There is huge demand to move forms online — I had expected to drag departments online kicking and screaming. Instead, the majority of departments were eager to move things online and thrilled to have a partner with the technical knowledge, mandate, and tools to do that.

Flexibility about form structure and questions — I initially thought there would be a strong demand for submissions that look exactly like current paper forms. That hasn’t been the case. In all but one or two cases, I was not only able to move forms online, but also suggest changes that made forms shorter, more clear, and more accessible.

Excited about future change — Early on I began to notice a pattern. A few weeks after I moved a form online, some departments would to reach back out and ask for tools to help them manage digital submission, “This has been absolutely amazing. It would be great if I could approve it and then send it to Steve for his signature”. If I tried to change everything about the way these departments worked right off the bat, they would have resisted every step of the way. Moving just a part of their workflow online made them eager to go completely digital.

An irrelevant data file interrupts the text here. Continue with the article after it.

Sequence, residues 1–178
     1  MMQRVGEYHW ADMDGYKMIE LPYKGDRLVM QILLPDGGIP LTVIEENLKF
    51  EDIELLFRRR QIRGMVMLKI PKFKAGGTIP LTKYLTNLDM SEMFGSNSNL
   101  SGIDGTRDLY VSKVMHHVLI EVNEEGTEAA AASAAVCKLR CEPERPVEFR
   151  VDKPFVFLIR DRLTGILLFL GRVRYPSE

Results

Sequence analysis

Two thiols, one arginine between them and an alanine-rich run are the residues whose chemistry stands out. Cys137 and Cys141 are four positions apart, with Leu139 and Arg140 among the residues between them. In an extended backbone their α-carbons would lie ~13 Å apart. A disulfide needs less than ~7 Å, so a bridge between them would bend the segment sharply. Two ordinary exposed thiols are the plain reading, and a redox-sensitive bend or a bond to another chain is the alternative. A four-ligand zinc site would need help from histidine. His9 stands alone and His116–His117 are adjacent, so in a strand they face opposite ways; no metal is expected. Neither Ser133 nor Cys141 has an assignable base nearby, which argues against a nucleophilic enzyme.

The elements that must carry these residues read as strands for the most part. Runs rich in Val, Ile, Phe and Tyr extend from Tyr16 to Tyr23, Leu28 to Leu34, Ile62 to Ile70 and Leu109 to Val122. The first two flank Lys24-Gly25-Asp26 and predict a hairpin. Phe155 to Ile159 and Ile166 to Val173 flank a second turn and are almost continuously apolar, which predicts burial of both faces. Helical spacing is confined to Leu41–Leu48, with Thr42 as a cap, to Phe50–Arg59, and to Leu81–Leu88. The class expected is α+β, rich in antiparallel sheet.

What’s next

We’ve made a lot of progress in the last year, but there’s a long way to go.

Two big questions we need to answer:

Who should be doing all this process change? — I’ve been doing it because, well, it was my job to get forms online. I’ve seen that same pattern as I talk with other cities. The tech teams are driving internal process change because a lot of that internal change involves technology. That sort of works, but it also creates a weird dynamic because the tech teams don’t have the training nor the explicit mandate to mess around with other people’s jobs. Would this be better served by a specific team who does have that training and mandate?

What even is a form, anyway? — Too often in big company, we remain beholden to physical relics as we move things online. This is all information moving back and forth. Do we need to rethink what we call certain things? How do laws affect this? How does customer expectations vary if something is called a form vs. if it is called a permit?

Moving your paper forms online